The long road to a student room

In the first two months of his ICT studies, international student Nur Nechushtan lived in at least six different houses. He stayed in Airbnb-rooms, a hostel, a house in Germany, with his family in Amsterdam, in a hotel and more Airbnb-rooms. “I didn’t know it was going to be this difficult.”

Just one and a half week before the academic year started, Nur Nechushtan got a call from Fontys. After a long wait to get his diploma checked, he could finally enrol in ICT. “They asked me if I was still interested. With the side note that it could be difficult to find a room.” He said yes and immediately started looking for a place to stay. “I didn’t think it would be this difficult, though.” 

He booked an Airbnb-room for only three days. “Looking back, that maybe wasn’t the cleverest of things to do.” Every day he’d send about at least twenty messages to rooms he found on Kamernet and other pages. Without result. “I went to visit some family members in Amsterdam, but had to go back to Eindhoven because my studies were about to start.” 

60 euros a night
He went to a hotel and paid 60 euros a night for a room without windows. Then moved to a hostel and paid 35 euros a night to share a room with nine other international students, who were also looking for a place to stay. “It reminded me of my time in the military. And obviously, it was impossible to study there. Besides, the hostel didn’t have a kitchen or microwave, so I had to go to the supermarket nearby to warm up food.” 

Not an ideal situation, is what also his grandmother must have thought. She arranged for him to stay at a house of one of her friends in Kleve, Germany. “It was like an apartment, but no one had lived there for sixteen years. So you can imagine in what state it was.” And even though he had to rent a car to drive to Eindhoven every day, it was still cheaper than staying at the hostel.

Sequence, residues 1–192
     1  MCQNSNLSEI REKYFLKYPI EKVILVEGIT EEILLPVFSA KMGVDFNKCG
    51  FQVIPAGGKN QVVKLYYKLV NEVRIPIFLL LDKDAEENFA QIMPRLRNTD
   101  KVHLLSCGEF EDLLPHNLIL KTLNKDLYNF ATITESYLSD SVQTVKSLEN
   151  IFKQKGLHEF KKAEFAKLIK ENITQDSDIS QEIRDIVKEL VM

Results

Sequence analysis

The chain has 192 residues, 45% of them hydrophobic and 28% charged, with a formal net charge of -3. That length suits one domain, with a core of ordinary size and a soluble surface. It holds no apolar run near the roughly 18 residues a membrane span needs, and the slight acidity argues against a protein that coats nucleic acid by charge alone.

Driving back and Forth
For a month he lived in Kleve, driving back and forth. Leaving the house at 07:00, returning home around 21:00, sometimes 23:00. “At a certain point it just stopped making sense, I had to drive so many hours just to sleep there.” So Nur decided to return to Eindhoven and found a temporary room on Airbnb again. 

After one and a half month in the Netherlands, the ICT student had spent about 2000 euros. “I had a certain amount of money in mind that I was willing to spend, and I was getting closer and closer to that amount”, he says. Finding a room therefore also became more urgent.  

“I just wrote to any room I could find online, I didn’t even look at the pictures. I even went to see a room that was in a house that was basically broken, with dust everywhere and paint taken off the walls. The house had been in construction, but they couldn’t continue because missing permits. They just put the room up for rent like that.” Even that room went to someone else. 

Facebook to the rescue
“If the situation would have continued like this, I would have been capable of just asking random people on the street for help”, says Nur. “Fortunately, that hasn’t been necessary.” After he posted a message on a Facebook page, he got a message from a house owner. On the first of November he’ll finally move into his new room. 

Since he has accepted the room, he received several offers from others. “I know the secret now to finding a room. Just add a picture to your message. That will make all the difference.” [Leoni Andriessen]

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Absolutely shocking. In other countries Universities are not allowed to admit more students than there is campus space or capacity in the city to house these students. When is Fontys going to take their responsibility on this issue? Don't bite off more than you can chew!